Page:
George Packer on the shift in Obama’s support:
The most disappointed people I meet are under thirty, the generation that made the Obama campaign a movement in its early primary months. They spent their entire adult lives under the worst President of our lifetime, they loved Obama because he was new and inspiring, and they felt that replacing the former with the latter would be a national deliverance. They weren’t wrong about that, but the ebbing of grassroots energy once the Obama campaign turned to governing suggests that some of his most enthusiastic backers saw the election as an end in itself. The Obama movement was unlike other social movements because it began and ended with a person, not an issue. And it was unlike ordinary political coalitions because it didn’t have the organizational muscle of voting blocs. The difficulty in sustaining its intensity through the inevitable ups and downs of governing shows the vulnerability in this model of twenty-first-century, Internet-based politics.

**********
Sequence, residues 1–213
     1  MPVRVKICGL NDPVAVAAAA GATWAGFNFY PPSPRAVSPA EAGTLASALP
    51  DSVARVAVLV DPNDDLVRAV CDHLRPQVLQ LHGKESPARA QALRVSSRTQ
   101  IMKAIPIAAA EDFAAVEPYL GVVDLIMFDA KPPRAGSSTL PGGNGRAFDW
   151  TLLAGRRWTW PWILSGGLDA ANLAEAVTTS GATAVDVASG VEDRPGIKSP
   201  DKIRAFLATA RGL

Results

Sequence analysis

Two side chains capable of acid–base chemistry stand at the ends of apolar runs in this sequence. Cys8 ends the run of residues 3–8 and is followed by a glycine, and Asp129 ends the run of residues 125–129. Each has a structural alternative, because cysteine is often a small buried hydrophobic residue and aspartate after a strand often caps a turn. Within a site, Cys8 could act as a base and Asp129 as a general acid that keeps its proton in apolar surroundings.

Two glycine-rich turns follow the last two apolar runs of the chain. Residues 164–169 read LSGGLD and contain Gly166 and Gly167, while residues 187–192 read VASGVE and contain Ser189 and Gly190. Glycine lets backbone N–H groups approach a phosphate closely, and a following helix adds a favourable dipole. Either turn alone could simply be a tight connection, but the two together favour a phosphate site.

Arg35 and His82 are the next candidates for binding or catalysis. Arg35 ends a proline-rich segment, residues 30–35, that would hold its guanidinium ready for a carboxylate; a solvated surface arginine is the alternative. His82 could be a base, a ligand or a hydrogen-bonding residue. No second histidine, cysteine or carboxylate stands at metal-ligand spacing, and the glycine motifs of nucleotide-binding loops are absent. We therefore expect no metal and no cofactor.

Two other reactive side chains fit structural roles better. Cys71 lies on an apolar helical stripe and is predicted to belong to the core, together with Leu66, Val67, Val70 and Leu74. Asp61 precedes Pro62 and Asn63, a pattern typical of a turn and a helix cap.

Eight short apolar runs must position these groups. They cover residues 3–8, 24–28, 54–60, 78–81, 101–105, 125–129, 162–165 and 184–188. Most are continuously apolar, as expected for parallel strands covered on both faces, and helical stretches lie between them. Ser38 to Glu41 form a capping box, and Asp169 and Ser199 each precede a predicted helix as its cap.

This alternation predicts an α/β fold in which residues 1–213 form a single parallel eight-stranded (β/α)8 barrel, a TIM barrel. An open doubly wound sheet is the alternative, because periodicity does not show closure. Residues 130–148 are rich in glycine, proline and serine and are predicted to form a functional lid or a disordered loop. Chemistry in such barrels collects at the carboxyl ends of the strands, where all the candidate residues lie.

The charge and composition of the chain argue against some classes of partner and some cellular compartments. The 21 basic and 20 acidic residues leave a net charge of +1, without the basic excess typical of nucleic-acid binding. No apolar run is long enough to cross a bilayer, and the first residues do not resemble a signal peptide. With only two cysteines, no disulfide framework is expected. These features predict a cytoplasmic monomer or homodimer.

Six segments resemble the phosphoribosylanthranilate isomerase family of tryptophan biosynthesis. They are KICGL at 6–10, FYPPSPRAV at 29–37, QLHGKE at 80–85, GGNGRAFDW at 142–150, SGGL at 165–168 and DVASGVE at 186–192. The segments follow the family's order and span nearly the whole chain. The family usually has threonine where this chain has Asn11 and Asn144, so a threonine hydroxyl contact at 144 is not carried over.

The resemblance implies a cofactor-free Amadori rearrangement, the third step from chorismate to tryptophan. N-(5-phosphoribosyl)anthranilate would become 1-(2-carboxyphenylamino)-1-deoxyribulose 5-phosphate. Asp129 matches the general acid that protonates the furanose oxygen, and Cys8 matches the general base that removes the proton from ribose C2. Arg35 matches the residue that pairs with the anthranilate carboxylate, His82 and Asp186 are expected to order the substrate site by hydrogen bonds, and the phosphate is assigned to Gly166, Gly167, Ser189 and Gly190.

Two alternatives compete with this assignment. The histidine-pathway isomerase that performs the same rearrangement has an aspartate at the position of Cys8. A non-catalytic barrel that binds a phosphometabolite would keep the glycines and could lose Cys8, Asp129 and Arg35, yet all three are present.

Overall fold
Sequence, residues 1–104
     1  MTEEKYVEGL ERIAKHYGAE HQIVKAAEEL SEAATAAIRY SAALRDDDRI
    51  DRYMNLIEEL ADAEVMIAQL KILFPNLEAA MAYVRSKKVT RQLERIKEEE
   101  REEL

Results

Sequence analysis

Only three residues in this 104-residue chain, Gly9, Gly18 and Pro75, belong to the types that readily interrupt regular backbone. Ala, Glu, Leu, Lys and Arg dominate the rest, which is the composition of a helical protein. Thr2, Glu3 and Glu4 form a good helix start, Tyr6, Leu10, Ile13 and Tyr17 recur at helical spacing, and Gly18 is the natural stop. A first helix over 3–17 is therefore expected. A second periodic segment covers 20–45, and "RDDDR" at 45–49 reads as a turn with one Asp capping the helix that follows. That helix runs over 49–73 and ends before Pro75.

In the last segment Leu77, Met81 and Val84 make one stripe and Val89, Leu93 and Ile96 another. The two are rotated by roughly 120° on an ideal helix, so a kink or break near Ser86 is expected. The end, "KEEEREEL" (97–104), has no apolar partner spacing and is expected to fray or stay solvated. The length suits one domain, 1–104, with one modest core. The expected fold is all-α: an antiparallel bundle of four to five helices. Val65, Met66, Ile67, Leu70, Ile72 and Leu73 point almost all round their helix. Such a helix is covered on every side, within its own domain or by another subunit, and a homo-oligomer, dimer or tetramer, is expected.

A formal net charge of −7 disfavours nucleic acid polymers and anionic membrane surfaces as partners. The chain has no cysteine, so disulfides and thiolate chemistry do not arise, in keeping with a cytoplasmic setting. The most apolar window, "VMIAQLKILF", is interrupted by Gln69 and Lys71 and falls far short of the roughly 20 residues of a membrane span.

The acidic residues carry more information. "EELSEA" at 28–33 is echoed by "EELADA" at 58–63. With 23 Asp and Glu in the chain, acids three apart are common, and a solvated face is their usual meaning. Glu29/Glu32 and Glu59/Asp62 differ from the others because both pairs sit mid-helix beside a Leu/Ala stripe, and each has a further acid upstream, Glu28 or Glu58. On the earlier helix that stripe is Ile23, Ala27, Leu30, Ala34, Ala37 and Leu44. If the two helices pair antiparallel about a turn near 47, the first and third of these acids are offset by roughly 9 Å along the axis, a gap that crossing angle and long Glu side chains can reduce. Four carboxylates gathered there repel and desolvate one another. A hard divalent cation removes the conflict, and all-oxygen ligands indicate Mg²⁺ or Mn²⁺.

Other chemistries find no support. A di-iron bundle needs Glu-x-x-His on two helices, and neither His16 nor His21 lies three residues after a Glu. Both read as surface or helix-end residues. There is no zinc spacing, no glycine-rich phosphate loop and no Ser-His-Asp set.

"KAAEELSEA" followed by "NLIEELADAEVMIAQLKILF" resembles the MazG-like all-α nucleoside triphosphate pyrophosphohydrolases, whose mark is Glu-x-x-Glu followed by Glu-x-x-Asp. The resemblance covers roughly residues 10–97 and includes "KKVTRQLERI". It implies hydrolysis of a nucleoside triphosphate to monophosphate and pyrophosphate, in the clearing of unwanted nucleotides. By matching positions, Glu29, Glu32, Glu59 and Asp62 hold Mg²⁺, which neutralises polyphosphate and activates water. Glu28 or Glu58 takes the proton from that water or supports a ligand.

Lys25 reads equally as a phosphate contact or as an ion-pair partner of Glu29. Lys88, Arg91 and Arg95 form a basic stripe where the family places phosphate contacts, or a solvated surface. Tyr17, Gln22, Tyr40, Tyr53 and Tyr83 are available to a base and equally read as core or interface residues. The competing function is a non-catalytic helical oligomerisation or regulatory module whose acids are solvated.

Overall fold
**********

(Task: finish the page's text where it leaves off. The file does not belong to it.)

Andrew Sullivan in response:
This is an ocean liner that was boarded by a bunch of insurgents in a dinghy. You can’t captain the liner the way you did the dinghy. But if you wonder if the liner has changed direction, look at the apoplexy of the old regime. They’re not fools. And they know they’re losing.